“Radiation at Europa’s surface is so intense that it can break delicate biomolecules. Impact gardening cycles possible biomolecules into the zone of radiation. This work therefore provides some valuable new constraints on where to look if we hope to find the evidence of life.
“If we want to find evidence of pristine biomolecules unaltered by radiation in Europa’s ice, we have to either dig down beyond about a 30 centimeter depth – deeper in some regions – or find places where fresh material has recently been brought to the surface by recent impact craters.”
For some time now, astronomers have believed that impact gardening was a likely process on Europa and other airless bodies in the Solar System, but this new model provides the most comprehensive picture of that process to date. What’s more, it is the first to take into account secondary impacts that are caused by debris kicked up from the initial impact as it falls back to Europa’s surface.
“This is new because this is the first time the effects of impact gardening have been considered when predicting where on Europa biomolecules might be found and the first time impact gardening has been modeled to consider Europa’s unique icy surface and the impactor population in the Outer Solar System,” said Costello.
The research also indicates that Europa’s surface would be less affected by double impact gardening and radiation around the moon’s mid- and high-latitudes. In the near future, research like this could assist NASA and ESA planners develop mission profiles for the Europa Clipper and JUICE. Given that both of these missions will be examining Jovian moons for possible signs of life, knowing where it is most likely to be found is crucial.
In addition, this research could guide the design of instruments and future missions that are also dedicated to finding biosignatures in the “Ocean Worlds” of the Solar System. Beyond Europa and Ganymede, this includes Saturn’s moons Titan and Enceladus, Uranus’ moons Titania and Oberon, Neptune’s largest moon Triton, Pluto, and other icy satellites that are thought to have interior oceans. As Ghent added:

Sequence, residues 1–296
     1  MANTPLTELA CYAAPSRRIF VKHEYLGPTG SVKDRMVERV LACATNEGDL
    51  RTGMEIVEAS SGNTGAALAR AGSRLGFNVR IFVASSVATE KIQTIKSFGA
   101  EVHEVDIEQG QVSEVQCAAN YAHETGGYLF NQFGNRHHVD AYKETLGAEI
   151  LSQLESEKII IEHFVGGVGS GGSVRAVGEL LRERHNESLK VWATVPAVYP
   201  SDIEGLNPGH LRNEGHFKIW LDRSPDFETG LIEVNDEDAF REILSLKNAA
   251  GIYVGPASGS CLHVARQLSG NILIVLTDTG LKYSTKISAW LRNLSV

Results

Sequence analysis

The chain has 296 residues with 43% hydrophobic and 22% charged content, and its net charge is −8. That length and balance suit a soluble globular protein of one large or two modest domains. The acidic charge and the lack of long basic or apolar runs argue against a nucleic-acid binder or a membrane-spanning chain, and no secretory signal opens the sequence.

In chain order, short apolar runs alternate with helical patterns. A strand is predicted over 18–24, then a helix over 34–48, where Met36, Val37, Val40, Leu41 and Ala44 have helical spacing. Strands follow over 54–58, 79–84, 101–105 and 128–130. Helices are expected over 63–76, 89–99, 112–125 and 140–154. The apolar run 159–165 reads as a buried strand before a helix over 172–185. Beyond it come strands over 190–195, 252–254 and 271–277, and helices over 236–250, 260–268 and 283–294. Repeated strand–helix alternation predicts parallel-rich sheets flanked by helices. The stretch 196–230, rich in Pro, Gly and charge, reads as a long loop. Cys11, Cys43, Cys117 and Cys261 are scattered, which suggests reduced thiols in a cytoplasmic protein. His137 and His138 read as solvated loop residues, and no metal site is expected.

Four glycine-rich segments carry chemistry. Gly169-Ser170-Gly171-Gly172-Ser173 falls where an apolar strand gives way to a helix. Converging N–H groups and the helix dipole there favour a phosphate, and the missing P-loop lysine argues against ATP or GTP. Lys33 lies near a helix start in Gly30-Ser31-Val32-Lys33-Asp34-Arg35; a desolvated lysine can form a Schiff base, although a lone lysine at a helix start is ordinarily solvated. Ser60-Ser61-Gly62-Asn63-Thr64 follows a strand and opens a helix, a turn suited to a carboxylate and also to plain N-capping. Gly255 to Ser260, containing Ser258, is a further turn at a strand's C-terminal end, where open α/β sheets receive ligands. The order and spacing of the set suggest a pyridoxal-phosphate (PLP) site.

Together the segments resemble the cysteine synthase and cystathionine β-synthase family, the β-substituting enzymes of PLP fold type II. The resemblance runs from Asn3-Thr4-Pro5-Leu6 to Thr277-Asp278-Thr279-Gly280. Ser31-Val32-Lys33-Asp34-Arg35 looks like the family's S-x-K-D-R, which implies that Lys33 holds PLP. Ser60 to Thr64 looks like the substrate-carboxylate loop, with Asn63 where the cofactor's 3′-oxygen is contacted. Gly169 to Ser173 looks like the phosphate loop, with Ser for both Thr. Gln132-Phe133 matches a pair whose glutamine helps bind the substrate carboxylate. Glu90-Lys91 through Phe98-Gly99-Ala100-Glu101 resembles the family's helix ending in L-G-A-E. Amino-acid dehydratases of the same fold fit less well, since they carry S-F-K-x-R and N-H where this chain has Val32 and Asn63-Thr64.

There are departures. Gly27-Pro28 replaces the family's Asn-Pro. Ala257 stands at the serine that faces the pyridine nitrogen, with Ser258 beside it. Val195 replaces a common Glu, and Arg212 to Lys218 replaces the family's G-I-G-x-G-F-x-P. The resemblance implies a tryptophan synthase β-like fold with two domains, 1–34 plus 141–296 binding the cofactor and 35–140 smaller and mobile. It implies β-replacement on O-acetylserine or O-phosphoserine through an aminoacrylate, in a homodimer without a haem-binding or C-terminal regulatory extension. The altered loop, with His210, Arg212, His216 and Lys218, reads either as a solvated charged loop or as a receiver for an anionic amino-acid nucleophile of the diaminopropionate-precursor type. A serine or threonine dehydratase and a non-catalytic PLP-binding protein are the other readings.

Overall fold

“[I]t also provides a framework for future investigation using higher-resolution images from upcoming missions, which would help to generate more precise estimates on the depth of gardening in various specific regions. The key parameters in this study are the impact flux and cratering rates. With better estimates of these parameters, and higher-resolution imaging resulting from upcoming missions, it will be possible to better predict the depths to which gardening has affected the shallow ice in specific regions.”
“This work broadens our understanding of the fundamental processes on surfaces across the Solar System,” said Phillips. “If we want to understand the physical characteristics and how planets in general evolve, we need to understand the role impact gardening has in reshaping them.” This research is part of wider NASA-funded efforts to study the cumulative effects of small impacts on Europa’s surface in preparation for the Europa Clipper mission.
This mission, which is expected to launch sometime in 2024, will orbit Jupiter as it conducts a series of close flybys of Europa. Its suite of scientific instruments will include optical and thermal imagers, spectrometers, magnetometers, and radar sounding devices. These will allow the spacecraft to survey Europa’s surface, measure its magnetic moment, and determine the chemical composition of its ice.
It will also carry a mass spectrometer and dust analyzer to study Europa’s tenuous atmosphere, plume activity, and sample the dust and gases that are kicked up above the surface. The data obtained from these missions could also inform future missions to the surface – like the Europa Lander concept – that could search for biosignatures directly and might even perform a sample return.